Anniversary of Michael Rabin's death 47 years ago

Edited: January 19, 2019, 2:27 AM · On January 19, 1972, the great American born violinist, Michael Rabin passed away at the age of 35. I thought it would be nice today to start a discussion on this great violinist who sadly left us way too soon. Feel free to share your favorite Michael Rabin recordings, thoughts, and concert memories.

Here are two Paganini Caprice recordings of Michael Rabin. It is especially refreshing now to hear No. 16 and No. 24 played by Mr. Rabin, without any added gimmicks in contrast to some recent performances of these works. He let his playing do the talking - like a true artist!

Replies (20)

January 19, 2019, 3:46 AM · Great violinist, I really like his Pag Caprices and Moto Perpetuo.

January 19, 2019, 10:25 AM · Yes I agree. It’s great to hear him play the Moto Perpetuo with the Hollywood Bowl Orchestra. The orchestra accompaniment added a nice touch!
January 19, 2019, 10:36 AM · There’s a great bio of him out. I highly recommend it.
January 19, 2019, 7:12 PM · January 19, 2019, 7:20 PM ·
January 19, 2019, 7:34 PM · Yes, great biography. I took it from the library many years ago, and it still moves me to tears whenever I think of some of his life struggles.

Let us always be wary of thinking of great violinists as untouchable demigods, for I do not think they want to be appreciated in that manner. They are just like you and me; just specially, beautifully talented, and hard working with their instrument.

Love Rabin's performance of the Szigeti/Scriabin etude in thirds, and his Wieniawski Second is among the best recorded-in my opinion, in any case.

Good to remember all of his recordings and sadly short-lived legacy.

January 19, 2019, 8:19 PM · I heard Galamian requested an exercise bike be in the studio for Rabin when he was recording.
Edited: January 19, 2019, 10:38 PM · Oh yes. Galamian also made sure Rabin had a tuning app installed on his iPhone to check his pitches.
January 20, 2019, 10:35 AM · Michael Rabin was a great violinist but also a very sad example of someone who had serious personality issues, which, if I recall correctly, related to the pressure his parents put on him. His death was a tragedy.
January 20, 2019, 10:55 AM · I think his personality was fine. But agree he was pushed in a rather unhealthy manner. There's always pity for the family, but I think Rabin was a victim of the era of his day + the aforementioned parental pressure.

Can't blame him for his feelings at his worst, really.

Edited: January 20, 2019, 11:22 AM · Am just listening to his Wieniawski 2nd again-truly inspired music making. Too bad most people do not care about the piece anymore (other than as a "step up", student work.) Rabin took this concerto seriously, and it still shows to this day.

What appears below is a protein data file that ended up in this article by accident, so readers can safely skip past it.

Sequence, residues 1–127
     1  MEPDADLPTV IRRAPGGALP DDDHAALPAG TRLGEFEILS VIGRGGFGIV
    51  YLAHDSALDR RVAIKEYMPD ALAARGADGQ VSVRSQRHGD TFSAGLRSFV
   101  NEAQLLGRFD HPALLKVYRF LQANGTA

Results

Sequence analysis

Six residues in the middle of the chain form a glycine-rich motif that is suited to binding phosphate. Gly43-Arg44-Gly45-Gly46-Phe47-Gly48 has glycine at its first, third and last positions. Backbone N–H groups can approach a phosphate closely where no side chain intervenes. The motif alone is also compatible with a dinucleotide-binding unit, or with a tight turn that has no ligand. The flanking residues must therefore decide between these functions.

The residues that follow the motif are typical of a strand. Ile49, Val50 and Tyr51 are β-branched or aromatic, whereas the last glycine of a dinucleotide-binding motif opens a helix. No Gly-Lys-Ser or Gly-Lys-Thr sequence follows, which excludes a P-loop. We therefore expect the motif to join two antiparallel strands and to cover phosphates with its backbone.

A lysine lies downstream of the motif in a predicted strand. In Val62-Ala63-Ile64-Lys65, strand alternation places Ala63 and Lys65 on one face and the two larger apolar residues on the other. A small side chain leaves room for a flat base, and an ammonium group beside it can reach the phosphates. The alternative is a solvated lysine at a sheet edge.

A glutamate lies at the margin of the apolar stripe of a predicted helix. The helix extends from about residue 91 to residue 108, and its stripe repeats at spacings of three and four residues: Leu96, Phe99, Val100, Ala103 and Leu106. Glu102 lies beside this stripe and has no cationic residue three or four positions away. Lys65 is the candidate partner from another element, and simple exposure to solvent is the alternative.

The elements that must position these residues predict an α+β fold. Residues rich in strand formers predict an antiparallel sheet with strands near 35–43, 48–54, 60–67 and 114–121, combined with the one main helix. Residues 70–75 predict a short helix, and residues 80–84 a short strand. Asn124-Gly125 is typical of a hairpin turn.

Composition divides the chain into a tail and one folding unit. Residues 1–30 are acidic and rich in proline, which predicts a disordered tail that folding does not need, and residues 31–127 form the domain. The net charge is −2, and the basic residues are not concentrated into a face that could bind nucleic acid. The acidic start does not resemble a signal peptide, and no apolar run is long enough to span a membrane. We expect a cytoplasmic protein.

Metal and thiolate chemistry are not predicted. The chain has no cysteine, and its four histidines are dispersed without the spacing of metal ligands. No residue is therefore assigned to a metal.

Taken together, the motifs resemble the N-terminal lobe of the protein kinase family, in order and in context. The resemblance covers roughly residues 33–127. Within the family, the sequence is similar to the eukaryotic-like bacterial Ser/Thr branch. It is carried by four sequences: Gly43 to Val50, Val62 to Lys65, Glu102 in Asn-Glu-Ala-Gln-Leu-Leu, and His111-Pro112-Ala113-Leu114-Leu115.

Edited: January 20, 2019, 2:00 PM · Tom, yes like so many child prodigies, he did not really grow up in some ways. He was collecting toy model airplanes into his 20’s and also drove a beautiful blue Chevrolet Stingray Corvette (which he was very proud of) according to my friend who knew him.

He did have drug addiction issues much like another great talent, Eugene Fodor. Rabin’s mother was also extremely domineering and quite abusive from what I understand. Oddly, she introduced my violin teacher, Erick Friedman, to Arthur Judson (Michael Rabin’s manager with CAMI) who would later become Friedman’s manager as well. Had it not been for her, Friedman would go onto study chemistry at Cornell and probably would’ve never met Heifetz or enjoy the career he did. I wonder how many parents in her situation would help a potential competitor to his/her own child. So she did have a generous side.

Adalberto Valle-Rivera: Yes Rabin turned that piece into something special and that staccato he had! I feel his recording of Wieniawski’s 1st concerto is still the definitive recording of that work.

January 20, 2019, 3:29 PM · Rabin's Wieniawski 2 is my favorite recording of his. I remember first picking up Rabin's recording on a $1.99 tape sale at Rose Records when I was a teenager, and being astounded. I was glad for liner notes explaining who this amazing violinist was!
January 21, 2019, 3:49 PM ·
January 21, 2019, 4:07 PM · So sad that we didn't get to see him develop to his full potential. What an amazing violinist.
January 22, 2019, 8:43 AM · The way pressure was put on him... kind of reminds me of Christian Ferras.
January 22, 2019, 12:24 PM · Maxim Vengerov took a hiatus from concertizing for some years to sort of recover from the kind of pressure his mother put on him. He said as much.
January 23, 2019, 6:07 PM · I was privileged to see and hear Michael Rabin, but only once, in the early 1960's, when I was in college and on a co-operative education job in Philadelphia. He played at the Robin Hood Dell, with the Philadelphia Orchestra. He played the Paganini Concerto #1, and it was by far the best performance I have ever heard of this piece by anyone (live or recorded). I still can hear passages in my memory, just exactly the way he played it. I will never forget it.
Clearly, he had problems, and certainly died too soon. But what an in incredible violinist.
January 23, 2019, 7:06 PM · I've read about Vengerov's childhood and it sounds like an absolute nightmare. He was treated like a racehorse. Many people in his situation would not be alive today.
January 23, 2019, 8:49 PM · I am glad Mr. Vengerov is doing well nowadays. Played an outstanding recital at Carnegie Hall last year. He's a great violinist, and is in full playing form for sure!

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